To know itself or oneself, necessitates consciousness and perception (both limited faculties in relation to any subject except Parabrahm), to be cognized. Hence the “Eternal Breath which knows itself not.” Infinity cannot comprehend Finiteness. The Boundless can have no relation to the bounded and the conditioned. In the occult teachings, the Unknown and the Unknowable mover, or the Self-Existing, is the absolute divine Essence. And thus being Absolute Consciousness, and Absolute Motion—to the limited senses of those who describe this indescribable—it is unconsciousness and immoveableness. Concrete consciousness cannot be predicated of abstract Consciousness, any more than the quality wet can be predicated of water—wetness being its own attribute and the cause of the wet quality in other things. Consciousness implies limitations and qualifications; something to be conscious of, and someone to be conscious of it. But Absolute Consciousness contains the cognizer, the thing cognized and the cognition, all three in itself and all three one. . . . It must not be forgotten, also, that we give names to things according to the appearances they assume for ourselves. We call absolute consciousness “unconsciousness,” because it seems to us that it must necessarily be so, just as we call the Absolute, “Darkness,” because to our finite understanding it appears quite impenetrable, yet we recognize fully that our perception of such things does not do them justice. We involuntarily distinguish in our minds, for instance, between unconscious absolute consciousness, and unconsciousness, by secretly endowing the former with some indefinite quality that corresponds, on a higher plane than our thoughts can reach, with what we know as consciousness in ourselves. But this is not any kind of consciousness that we can manage to distinguish from what appears to us as unconsciousness.[5]

Higher consciousness

According to H. P. Blavatsky, the highest source of consciousness in human beings is the sixth and fifth principles:

Consciousness per se, as understood and explained by Occult philosophy, is the highest quality of the sentient spiritual Principle in us, the divine soul (or buddhi) and our higher ego.[6]

The seventh principle is not included here, because atman, being a ray of the absolute, is beyond consciousness as we know it.[7]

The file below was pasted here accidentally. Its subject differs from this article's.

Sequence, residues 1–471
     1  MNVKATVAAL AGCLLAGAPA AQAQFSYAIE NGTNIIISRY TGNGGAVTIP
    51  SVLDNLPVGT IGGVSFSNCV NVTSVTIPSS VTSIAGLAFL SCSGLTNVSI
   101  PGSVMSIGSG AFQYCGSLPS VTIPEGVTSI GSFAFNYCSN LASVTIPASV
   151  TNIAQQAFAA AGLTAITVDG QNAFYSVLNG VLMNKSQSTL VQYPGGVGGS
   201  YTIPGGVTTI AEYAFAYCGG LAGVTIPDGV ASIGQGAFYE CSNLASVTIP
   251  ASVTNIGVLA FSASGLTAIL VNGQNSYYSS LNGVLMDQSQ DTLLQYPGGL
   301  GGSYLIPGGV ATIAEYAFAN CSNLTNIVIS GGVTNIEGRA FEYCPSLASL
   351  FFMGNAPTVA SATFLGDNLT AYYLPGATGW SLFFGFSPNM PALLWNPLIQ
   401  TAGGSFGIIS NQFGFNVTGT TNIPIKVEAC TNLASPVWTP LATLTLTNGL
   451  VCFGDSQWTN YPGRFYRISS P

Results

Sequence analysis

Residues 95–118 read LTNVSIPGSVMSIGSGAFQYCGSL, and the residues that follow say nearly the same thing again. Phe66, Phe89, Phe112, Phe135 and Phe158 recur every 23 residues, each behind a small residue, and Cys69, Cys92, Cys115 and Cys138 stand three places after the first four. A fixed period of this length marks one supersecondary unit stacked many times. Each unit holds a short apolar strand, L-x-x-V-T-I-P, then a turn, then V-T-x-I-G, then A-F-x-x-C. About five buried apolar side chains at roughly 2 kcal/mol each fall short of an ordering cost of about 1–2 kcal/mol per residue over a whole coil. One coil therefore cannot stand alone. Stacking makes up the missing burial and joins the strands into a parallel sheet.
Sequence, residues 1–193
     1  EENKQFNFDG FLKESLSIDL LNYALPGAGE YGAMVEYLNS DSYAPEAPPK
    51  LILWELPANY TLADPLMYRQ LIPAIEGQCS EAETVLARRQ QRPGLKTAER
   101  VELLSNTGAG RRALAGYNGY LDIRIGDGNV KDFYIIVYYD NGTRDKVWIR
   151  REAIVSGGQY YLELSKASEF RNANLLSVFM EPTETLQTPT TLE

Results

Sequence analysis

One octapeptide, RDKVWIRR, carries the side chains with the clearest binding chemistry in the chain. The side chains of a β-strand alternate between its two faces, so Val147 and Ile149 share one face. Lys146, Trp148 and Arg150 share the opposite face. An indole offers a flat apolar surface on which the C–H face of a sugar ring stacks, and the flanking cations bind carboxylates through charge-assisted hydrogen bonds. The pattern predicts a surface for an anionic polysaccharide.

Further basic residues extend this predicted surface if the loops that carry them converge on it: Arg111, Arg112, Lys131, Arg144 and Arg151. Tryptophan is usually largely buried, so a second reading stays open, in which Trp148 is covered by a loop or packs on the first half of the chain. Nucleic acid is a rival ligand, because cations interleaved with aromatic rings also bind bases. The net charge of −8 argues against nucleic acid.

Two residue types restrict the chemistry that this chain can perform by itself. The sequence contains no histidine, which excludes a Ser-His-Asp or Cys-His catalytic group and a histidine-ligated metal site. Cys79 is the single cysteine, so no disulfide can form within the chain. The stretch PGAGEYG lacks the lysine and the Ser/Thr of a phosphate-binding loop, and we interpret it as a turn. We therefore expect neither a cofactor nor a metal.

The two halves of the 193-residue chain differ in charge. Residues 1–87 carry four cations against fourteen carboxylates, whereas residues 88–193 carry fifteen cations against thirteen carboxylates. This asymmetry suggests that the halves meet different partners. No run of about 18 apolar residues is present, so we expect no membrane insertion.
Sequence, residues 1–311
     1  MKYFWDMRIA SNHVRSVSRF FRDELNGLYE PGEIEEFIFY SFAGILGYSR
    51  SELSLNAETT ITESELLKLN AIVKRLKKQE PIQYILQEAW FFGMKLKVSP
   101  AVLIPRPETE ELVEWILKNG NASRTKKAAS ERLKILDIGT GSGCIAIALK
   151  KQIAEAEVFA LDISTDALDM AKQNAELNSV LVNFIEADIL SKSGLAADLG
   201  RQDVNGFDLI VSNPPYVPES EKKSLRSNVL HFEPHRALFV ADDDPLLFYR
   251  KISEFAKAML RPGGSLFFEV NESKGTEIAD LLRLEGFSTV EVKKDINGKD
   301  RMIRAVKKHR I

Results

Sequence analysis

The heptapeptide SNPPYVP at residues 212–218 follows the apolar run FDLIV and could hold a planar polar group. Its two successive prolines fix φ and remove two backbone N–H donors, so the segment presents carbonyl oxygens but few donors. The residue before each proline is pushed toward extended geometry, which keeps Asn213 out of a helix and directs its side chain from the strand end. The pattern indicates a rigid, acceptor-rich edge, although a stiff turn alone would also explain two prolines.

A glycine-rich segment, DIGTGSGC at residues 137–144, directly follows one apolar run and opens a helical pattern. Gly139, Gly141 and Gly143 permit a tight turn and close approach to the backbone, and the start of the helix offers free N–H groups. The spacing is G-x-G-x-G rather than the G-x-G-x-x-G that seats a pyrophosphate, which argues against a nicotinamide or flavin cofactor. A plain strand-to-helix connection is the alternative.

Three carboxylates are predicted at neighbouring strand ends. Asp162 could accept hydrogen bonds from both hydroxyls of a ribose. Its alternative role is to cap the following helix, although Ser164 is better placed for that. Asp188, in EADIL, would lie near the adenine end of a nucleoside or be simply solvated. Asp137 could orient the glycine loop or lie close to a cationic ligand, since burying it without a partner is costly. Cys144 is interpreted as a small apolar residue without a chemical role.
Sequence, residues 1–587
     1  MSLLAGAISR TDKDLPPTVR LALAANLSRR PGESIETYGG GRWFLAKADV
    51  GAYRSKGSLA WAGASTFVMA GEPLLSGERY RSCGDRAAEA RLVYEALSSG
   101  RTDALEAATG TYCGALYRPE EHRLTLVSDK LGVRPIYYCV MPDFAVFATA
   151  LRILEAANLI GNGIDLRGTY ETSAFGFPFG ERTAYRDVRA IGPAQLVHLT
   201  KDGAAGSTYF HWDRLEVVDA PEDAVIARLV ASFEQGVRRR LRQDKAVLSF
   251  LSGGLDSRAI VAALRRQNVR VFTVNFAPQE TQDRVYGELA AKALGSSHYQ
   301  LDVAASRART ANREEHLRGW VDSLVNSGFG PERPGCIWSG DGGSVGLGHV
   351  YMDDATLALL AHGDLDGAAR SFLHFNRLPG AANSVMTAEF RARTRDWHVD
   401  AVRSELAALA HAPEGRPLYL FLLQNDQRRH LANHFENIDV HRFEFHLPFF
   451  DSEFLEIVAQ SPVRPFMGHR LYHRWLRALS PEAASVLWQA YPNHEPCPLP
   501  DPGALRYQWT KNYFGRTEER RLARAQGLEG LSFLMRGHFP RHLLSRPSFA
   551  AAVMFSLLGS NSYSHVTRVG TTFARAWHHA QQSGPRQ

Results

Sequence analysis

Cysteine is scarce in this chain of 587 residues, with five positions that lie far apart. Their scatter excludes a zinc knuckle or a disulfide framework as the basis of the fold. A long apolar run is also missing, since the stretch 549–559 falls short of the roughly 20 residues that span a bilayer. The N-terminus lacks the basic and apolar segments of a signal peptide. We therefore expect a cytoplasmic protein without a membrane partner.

The higher consciousness in human beings is the source of all spiritual aspirations and virtues. In its manasic level, it is individual but impersonal. In its buddhic and atmic levels, it is universal. To learn more about the three higher principles read the articles on Atman, Buddhi and Manas.


Self-consciousness or self-awareness is the capacity for introspection and the ability to recognize oneself as an individual separate from the environment and other individuals. It is not to be confused with consciousness. While consciousness is a term given to being aware of one’s environment, self-consciousness is the recognition of that awareness.

Although animals have consciousness, they are not aware of themselves as being a particular entity experiencing the environment (except in a few cases which show an incipient awakening of self-consciousness). This is because the principle that gives self-consciousness becomes individualized and active only in the human kingdom. We are referring to manas, which is "the principle of self-consciousness, the 'I-am-I'":[8]

The perception of “I,” or the sense of one’s personal individuality ... belongs ... to the fifth Principle, or manas.[9]

Because this principle is the origin of the sense of "I-ness", it is called the "Ego":

Ego (Lat.) "I"; the consciousness in man of the "I am I," or the feeling of I-am-ship. Esoteric philosophy teaches the existence of two Egos in man, the mortal or personal, and the higher, the divine or impersonal, calling the former "personality", and the latter "individuality".[10]

Personal consciousness

See also

Additional resources

Articles and pamphlets




  • What Is Consciousness? by Richard Smoley. Presented on April 16, 2020 at the Theosophical Society in America. "There is a fierce debate these days about the nature of consciousness--what it is, and how it functions in the universe. Do only humans have consciousness? Is the universe conscious, as some are saying these days? What are contemporary science and philosophy trying to tell us? And what do the esoteric traditions have to say on this subject? Richard Smoley will offer a brisk, lively, and engaging talk on this most mysterious of subjects."



  1. Does Consciousness Pervade the Universe? An Interview with Philip Goff Scientific American.
  2. Helena Petrovna Blavatsky, The Secret Doctrine vol. I, (Wheaton, IL: Theosophical Publishing House, 1993), 49.
  3. Helena Petrovna Blavatsky, Collected Writings vol. IV (Wheaton, IL: Theosophical Publishing House, 1991), 101-102.
  4. Helena Petrovna Blavatsky, Collected Writings vol. IV (Wheaton, IL: Theosophical Publishing House, 1991), 101-102.
  5. Helena Petrovna Blavatsky, The Secret Doctrine vol. I, (Wheaton, IL: Theosophical Publishing House, 1993), 56.
  6. Helena Petrovna Blavatsky, Collected Writings vol. XIV (Wheaton, IL: Theosophical Publishing House, 1995), 387.
  7. Helena Petrovna Blavatsky, The Secret Doctrine vol. I, (Wheaton, IL: Theosophical Publishing House, 1993), 56.
  8. Helena Petrovna Blavatsky, Collected Writings vol. X (Wheaton, IL: Theosophical Publishing House, 1988), 249.
  9. Helena Petrovna Blavatsky, Collected Writings vol. IV (Wheaton, IL: Theosophical Publishing House, ​1991), 581.
  10. Helena Petrovna Blavatsky, The Theosophical Glossary (Krotona, CA: Theosophical Publishing House, 1973), 111.